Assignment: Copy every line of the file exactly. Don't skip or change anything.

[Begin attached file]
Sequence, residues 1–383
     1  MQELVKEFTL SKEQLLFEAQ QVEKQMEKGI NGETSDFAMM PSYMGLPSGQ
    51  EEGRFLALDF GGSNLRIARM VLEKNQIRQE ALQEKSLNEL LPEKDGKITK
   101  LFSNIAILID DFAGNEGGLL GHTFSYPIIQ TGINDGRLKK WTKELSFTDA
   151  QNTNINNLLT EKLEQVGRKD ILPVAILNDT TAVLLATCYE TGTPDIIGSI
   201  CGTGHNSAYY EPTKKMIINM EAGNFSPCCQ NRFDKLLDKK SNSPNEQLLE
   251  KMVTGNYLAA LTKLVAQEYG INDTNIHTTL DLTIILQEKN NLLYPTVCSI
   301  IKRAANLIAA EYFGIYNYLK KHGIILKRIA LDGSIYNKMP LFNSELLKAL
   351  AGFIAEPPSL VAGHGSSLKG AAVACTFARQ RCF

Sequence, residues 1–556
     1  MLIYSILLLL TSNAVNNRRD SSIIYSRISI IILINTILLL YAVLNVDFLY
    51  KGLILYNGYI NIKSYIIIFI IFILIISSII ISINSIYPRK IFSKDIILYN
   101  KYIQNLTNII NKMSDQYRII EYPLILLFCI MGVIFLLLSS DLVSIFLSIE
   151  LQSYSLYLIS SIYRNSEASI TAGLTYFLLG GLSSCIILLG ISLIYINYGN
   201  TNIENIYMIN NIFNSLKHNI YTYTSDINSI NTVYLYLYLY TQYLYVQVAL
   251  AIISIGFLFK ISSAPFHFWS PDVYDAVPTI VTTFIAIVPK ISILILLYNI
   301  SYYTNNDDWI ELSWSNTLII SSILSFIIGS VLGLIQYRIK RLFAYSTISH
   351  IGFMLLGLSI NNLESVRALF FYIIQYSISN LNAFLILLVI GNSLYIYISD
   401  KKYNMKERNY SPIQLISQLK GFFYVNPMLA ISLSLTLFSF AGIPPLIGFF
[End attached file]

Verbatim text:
Sequence, residues 1–383
     1  MQELVKEFTL SKEQLLFEAQ QVEKQMEKGI NGETSDFAMM PSYMGLPSGQ
    51  EEGRFLALDF GGSNLRIARM VLEKNQIRQE ALQEKSLNEL LPEKDGKITK
   101  LFSNIAILID DFAGNEGGLL GHTFSYPIIQ TGINDGRLKK WTKELSFTDA
   151  QNTNINNLLT EKLEQVGRKD ILPVAILNDT TAVLLATCYE TGTPDIIGSI
   201  CGTGHNSAYY EPTKKMIINM EAGNFSPCCQ NRFDKLLDKK SNSPNEQLLE
   251  KMVTGNYLAA LTKLVAQEYG INDTNIHTTL DLTIILQEKN NLLYPTVCSI
   301  IKRAANLIAA EYFGIYNYLK KHGIILKRIA LDGSIYNKMP LFNSELLKAL
   351  AGFIAEPPSL VAGHGSSLKG AAVACTFARQ RCF

Sequence, residues 1–556
     1  MLIYSILLLL TSNAVNNRRD SSIIYSRISI IILINTILLL YAVLNVDFLY
    51  KGLILYNGYI NIKSYIIIFI IFILIISSII ISINSIYPRK IFSKDIILYN
   101  KYIQNLTNII NKMSDQYRII EYPLILLFCI MGVIFLLLSS DLVSIFLSIE
   151  LQSYSLYLIS SIYRNSEASI TAGLTYFLLG GLSSCIILLG ISLIYINYGN
   201  TNIENIYMIN NIFNSLKHNI YTYTSDINSI NTVYLYLYLY TQYLYVQVAL
   251  AIISIGFLFK ISSAPFHFWS PDVYDAVPTI VTTFIAIVPK ISILILLYNI
   301  SYYTNNDDWI ELSWSNTLII SSILSFIIGS VLGLIQYRIK RLFAYSTISH
   351  IGFMLLGLSI NNLESVRALF FYIIQYSISN LNAFLILLVI GNSLYIYISD
   401  KKYNMKERNY SPIQLISQLK GFFYVNPMLA ISLSLTLFSF AGIPPLIGFF